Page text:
The authors have previously reported that steady-state relative permeability measurements conducted using condensing fluids will result in relative permeability increasing with increasing velocity. The techniques used, however, can be experimentally demanding, as individual steady-state points are measured and the initial condensate saturation in the core is established by condensation. If the data representative of the flow of condensing fluids could be generated using unsteady-state procedures and conventional gas-oil fluids, as has been suggested in literature, then the duration and cost of the tests would be greatly reduced. To investigate the applicability of conventional techniques to flow in gas condensate systems, a series of tests were conducted using conventional and condensing fluids. For each set of tests, the interfacial tension (IFT) and flow rate were the same, with the only variables being the measurement of steady-state relative permeability when using condensing fluids, and the measurement of unsteady-state relative permeability when using conventional fluids. The main areas of interest were hysteresis in the relative permeability curves between imbibition and drainage, and the degree of relative permeability rate sensitivity. It was demonstrated in this study that conventional methods could produce erroneous results when applied to condensing fluids. The steady-state gas condensate rate sensitive relative permeability data has been used to formulate a new correlation that relates gas and condensate relative permeability to capillary number (the ratio of viscous to capillary forces). The correlation incorporates two major parts, with exponents and coefficients that appear in the correlation being determined by regression of the steady state relative permeability data. Comparisons between the measured and predicted relative permeability curves show a good agreement. The study highlights the need to use condensing fluids when measuring gas condensate relative permeability.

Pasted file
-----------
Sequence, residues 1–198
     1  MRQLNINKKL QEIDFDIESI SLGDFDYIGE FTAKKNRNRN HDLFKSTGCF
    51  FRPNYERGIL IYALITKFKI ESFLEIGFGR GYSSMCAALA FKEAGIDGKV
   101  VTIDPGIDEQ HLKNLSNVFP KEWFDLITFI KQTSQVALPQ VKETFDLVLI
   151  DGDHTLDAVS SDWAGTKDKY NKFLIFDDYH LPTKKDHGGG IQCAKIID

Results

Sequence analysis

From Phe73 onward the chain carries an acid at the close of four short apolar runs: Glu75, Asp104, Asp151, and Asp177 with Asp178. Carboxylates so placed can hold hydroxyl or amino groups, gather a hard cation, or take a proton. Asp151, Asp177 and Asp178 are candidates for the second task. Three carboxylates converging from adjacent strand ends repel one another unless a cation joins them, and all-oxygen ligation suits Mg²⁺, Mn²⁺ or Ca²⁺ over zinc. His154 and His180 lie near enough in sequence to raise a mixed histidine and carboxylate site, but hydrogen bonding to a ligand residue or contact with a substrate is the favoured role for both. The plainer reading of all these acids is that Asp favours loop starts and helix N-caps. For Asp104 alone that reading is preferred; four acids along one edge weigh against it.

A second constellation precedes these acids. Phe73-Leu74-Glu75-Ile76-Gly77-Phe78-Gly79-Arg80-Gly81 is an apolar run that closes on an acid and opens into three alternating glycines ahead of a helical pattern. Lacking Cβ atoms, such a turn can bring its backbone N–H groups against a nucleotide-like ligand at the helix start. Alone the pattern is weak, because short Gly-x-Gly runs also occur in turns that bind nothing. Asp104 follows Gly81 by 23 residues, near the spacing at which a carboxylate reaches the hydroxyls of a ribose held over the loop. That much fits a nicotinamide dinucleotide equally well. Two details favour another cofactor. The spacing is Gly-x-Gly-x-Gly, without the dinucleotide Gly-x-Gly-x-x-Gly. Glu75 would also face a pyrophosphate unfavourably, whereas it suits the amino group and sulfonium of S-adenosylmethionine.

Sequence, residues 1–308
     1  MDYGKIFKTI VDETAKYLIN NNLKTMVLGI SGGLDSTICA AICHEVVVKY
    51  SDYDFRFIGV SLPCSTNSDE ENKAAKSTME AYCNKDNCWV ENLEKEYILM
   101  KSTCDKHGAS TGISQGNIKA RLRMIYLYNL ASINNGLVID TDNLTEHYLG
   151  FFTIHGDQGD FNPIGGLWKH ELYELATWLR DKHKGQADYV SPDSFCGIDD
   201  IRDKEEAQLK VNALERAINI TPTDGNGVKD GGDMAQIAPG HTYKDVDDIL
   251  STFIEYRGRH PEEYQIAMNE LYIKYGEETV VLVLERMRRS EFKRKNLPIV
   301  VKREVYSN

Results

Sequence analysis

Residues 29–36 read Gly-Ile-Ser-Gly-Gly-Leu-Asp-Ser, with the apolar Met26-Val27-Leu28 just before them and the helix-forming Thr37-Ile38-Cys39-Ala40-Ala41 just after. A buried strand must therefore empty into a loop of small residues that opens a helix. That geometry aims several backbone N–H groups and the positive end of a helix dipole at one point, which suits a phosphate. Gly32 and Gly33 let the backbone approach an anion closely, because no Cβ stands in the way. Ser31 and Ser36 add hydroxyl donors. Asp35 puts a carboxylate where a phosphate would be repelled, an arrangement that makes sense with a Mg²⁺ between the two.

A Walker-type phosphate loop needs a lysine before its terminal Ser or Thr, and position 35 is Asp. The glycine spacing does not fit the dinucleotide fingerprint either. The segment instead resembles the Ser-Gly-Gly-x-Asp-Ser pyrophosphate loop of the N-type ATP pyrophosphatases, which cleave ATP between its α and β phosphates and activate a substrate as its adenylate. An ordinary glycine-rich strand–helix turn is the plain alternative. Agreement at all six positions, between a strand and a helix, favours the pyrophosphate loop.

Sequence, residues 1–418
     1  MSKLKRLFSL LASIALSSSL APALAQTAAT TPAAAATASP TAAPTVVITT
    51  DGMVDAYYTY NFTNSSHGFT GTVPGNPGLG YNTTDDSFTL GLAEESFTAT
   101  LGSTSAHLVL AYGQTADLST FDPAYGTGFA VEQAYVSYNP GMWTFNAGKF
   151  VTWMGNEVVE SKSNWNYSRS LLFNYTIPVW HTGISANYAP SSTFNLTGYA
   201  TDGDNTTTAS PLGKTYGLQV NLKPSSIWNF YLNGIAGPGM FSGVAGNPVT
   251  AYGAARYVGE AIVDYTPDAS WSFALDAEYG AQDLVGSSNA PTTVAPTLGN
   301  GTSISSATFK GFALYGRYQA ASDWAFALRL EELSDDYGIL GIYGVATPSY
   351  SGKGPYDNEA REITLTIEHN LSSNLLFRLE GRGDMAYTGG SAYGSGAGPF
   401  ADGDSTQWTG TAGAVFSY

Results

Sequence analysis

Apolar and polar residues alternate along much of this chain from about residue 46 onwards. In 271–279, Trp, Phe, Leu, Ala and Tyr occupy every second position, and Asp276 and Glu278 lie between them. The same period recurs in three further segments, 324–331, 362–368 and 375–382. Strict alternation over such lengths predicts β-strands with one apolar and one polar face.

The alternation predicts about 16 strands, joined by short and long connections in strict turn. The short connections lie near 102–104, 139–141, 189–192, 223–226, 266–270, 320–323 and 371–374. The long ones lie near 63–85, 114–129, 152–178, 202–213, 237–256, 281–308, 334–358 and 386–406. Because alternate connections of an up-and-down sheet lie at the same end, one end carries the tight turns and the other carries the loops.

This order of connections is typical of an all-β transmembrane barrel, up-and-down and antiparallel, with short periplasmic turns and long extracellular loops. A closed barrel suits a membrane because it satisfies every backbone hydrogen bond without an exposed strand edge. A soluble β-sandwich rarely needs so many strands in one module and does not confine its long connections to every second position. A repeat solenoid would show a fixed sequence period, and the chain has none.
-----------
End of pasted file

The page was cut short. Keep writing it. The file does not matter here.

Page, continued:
- Relative permeability